Clinton Urged to Criticize Pinochet
Supporters of Orlando Letelier, who was killed by a car bomb planted by Chilean secret police in 1976, want Clinton to speak out against the state-sponsored terrorism practiced by the government of former dictator Gen. Augusto Pinochet.
On the eve of President Clinton's state visit to Chile, friends and former colleagues of a Chilean diplomat who was assassinated in Washington are quietly pushing the administration to condemn the excesses of the military dictatorship that ruled this country in the 1970s and 1980s. Supporters of Orlando Letelier, who was killed by a car bomb planted by Chilean secret police in 1976, want Clinton to speak out against the sort of state-sponsored terrorism practiced by the government of former dictator Gen. Augusto Pinochet, who remains a senator-for-life. And while Clinton is cheering Chile's resurgent democracy, they say he should also increase US cooperation with a Spanish inquiry into human rights abuses and 'acts of genocide.'
'The Spanish inquiry into Chilean human rights abuses and Pinochet's complicity is a serious international effort to combat terrorism as well as an innovative effort to deal with international human rights issues,' said Sam Buffone, an attorney for Letelier's family in Washington. 'I don't see how Clinton can turn his back on an effort to determine Pinochet's responsibility.' Clinton will reaffirm the US commitment to protecting human rights, National Security Council spokesman P.J. Crowley said Wednesday, but the president does not plan to directly address the Letelier case.
The bombing that killed Letelier and an aide was one of the worst acts of terrorism ever in the US capital. An investigation led to convictions in Chile of the former head of the nation's secret police and one of his deputies, as well as plea bargains in the United States by two men who carried out the bombing. But investigators felt Pinochet was ultimately responsible and said they had evidence he tried to block their inquiry. Eugene Propper, a federal prosecutor who handled the case, said he recently testified before the Spanish judge investigating Pinochet 'because it always bothered me that we couldn't do anything about the fact that the president of another country was obstructing us.' Propper said he believed Pinochet had approved the bombing. Others said new evidence, including a still-classified intelligence report, warrant reopening the US investigation.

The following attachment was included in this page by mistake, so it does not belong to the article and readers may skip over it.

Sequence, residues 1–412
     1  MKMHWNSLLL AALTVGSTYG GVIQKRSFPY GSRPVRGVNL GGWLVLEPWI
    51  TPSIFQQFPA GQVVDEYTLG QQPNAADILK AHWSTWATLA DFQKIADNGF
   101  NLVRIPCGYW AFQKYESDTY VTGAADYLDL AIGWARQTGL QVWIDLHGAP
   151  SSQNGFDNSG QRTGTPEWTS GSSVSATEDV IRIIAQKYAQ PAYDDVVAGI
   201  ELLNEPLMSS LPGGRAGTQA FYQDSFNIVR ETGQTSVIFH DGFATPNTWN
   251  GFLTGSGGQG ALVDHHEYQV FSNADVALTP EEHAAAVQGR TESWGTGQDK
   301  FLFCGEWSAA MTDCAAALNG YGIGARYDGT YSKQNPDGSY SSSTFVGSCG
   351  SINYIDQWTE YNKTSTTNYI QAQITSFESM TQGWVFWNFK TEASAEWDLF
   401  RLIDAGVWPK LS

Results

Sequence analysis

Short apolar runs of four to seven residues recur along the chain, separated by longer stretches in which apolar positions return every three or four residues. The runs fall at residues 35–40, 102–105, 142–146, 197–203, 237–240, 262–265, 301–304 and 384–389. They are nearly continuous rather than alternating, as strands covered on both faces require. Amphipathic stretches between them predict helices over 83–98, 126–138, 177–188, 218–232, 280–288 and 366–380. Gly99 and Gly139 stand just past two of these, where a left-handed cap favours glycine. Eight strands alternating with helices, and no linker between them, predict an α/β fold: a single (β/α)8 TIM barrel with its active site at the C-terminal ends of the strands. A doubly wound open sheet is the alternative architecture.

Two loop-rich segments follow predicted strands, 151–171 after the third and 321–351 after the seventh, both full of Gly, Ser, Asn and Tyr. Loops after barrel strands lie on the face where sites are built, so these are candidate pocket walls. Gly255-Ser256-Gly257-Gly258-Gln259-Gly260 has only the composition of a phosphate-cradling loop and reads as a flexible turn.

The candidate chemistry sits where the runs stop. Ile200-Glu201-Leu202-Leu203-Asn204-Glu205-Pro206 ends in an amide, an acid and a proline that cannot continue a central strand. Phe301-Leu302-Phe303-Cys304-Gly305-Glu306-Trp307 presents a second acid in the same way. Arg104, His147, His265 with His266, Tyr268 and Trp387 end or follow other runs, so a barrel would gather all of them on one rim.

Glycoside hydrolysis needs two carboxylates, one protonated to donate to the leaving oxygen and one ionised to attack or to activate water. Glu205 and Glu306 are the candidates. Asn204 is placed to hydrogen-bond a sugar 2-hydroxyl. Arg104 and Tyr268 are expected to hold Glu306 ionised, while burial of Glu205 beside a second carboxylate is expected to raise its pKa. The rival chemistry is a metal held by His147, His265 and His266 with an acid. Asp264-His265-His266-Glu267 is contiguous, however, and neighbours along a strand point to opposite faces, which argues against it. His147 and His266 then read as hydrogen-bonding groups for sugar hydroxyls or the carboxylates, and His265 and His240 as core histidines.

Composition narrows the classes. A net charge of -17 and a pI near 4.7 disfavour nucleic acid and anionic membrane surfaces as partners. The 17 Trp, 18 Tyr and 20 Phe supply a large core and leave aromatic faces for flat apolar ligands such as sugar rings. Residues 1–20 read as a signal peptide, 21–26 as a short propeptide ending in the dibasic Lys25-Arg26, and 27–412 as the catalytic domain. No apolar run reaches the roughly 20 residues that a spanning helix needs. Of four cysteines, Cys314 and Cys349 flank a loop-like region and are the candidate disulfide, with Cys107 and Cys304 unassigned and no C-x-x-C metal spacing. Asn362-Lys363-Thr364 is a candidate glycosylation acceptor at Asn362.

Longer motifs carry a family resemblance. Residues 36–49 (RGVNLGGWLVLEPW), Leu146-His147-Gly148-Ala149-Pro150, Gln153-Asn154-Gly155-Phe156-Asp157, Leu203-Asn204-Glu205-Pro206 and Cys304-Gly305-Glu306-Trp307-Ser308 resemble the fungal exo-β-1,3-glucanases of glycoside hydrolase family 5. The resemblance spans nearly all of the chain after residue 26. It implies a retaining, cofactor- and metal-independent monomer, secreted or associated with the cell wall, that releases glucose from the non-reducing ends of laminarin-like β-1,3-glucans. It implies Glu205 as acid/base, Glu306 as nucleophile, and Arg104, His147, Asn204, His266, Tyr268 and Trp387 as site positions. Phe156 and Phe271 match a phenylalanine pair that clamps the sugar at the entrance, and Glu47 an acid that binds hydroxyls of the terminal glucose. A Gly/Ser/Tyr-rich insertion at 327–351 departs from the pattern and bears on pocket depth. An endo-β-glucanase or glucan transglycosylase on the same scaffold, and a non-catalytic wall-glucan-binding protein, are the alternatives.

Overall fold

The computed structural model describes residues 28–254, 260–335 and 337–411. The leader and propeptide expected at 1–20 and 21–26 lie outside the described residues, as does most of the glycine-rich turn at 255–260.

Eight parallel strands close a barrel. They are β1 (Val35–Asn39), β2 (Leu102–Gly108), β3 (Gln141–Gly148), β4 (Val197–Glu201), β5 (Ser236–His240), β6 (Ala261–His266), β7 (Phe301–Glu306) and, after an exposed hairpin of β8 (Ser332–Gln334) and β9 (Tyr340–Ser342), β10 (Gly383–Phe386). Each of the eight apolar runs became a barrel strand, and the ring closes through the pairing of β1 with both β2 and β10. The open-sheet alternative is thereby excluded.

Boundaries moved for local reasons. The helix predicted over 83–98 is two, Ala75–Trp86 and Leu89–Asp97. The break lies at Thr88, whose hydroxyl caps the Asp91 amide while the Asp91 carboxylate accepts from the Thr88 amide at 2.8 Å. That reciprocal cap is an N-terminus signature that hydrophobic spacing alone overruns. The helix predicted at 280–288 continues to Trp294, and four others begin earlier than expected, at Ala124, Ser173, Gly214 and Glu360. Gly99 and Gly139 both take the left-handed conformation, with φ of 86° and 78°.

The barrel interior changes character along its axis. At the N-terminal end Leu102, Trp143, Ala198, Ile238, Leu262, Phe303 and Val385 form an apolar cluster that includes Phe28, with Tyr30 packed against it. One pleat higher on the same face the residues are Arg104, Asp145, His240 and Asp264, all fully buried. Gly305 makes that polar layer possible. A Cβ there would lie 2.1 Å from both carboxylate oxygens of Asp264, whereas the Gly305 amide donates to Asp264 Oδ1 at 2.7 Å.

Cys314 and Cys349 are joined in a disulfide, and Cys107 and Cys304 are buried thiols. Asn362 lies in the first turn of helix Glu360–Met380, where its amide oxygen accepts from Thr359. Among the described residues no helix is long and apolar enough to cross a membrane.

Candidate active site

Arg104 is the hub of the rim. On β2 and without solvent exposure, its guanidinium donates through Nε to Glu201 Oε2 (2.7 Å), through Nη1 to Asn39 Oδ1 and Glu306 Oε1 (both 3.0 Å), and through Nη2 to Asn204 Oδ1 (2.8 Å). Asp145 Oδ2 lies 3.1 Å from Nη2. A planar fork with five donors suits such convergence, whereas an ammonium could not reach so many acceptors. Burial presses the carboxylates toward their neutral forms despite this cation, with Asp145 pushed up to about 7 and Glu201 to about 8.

But any of these moves pose a diplomatic risk, such as an appearance of meddling in Chile's internal affairs. Pinochet, 82, who lost the presidential elections in 1990 after 17 years of iron-fisted rule, retired as head of the military only last month. His success in turning Chile into a model of economic reform in Latin America has made him a popular figure with large segments of Chilean society and throughout South America. The general, who has made himself a senator-for-life, may be in the audience when Clinton addresses the Chilean Legislature Friday. Sandy Berger, Clinton's national security adviser, said Clinton will deliver a strong pro-democracy message. 'He will say the same thing whether he (Pinochet) is in the audience or not: Chile is a democracy with a glorious recent history of having reclaimed its democracy,' Berger said.
Pinochet came to power in a military coup in 1973. The presidential palace in downtown Santiago was bombed by the air force, and democratically elected President Salvador Allende, a Marxist, committed suicide rather than surrender. Political oppression was severe under Pinochet. Officially, the government says 3,197 leftists and other dissenters were tortured and killed. Thousands more fled to exile.
Released from prison, Letelier, who served as both Allende's foreign minister and his ambassador to Washington, returned to Washington as a fellow at the Institute for Policy Studies, where he continued to speak out against Pinochet until he was assassinated. One conspirator in the killing testified that Pinochet personally encouraged him to frustrate the US investigation, and the former head of Chile's secret police said in December that Pinochet always approved his operations. Former federal officials involved in the case told a Spanish inquiry into claims filed against Pinochet by Chilean expatriates that it was 'inconceivable' that Pinochet wasn't involved in plans to kill Letelier, given the hierarchical nature of the Pinochet government and the fact that Letelier's assassination was the third carried out by Chilean agents abroad. Saul Landau, a Letelier colleague at IPS, said their testimony was based on a classified document prepared by the CIA with information from a Defense Department attache stationed in Santiago. It is that document that Pinochet's enemies want the Clinton administration to share with the Spanish judge. Landau, who said he was shown the report by a government official, said the Justice Department's cooperation with the Spanish inquiry has been 'ambivalent.'
Copyright 1998 Associated Press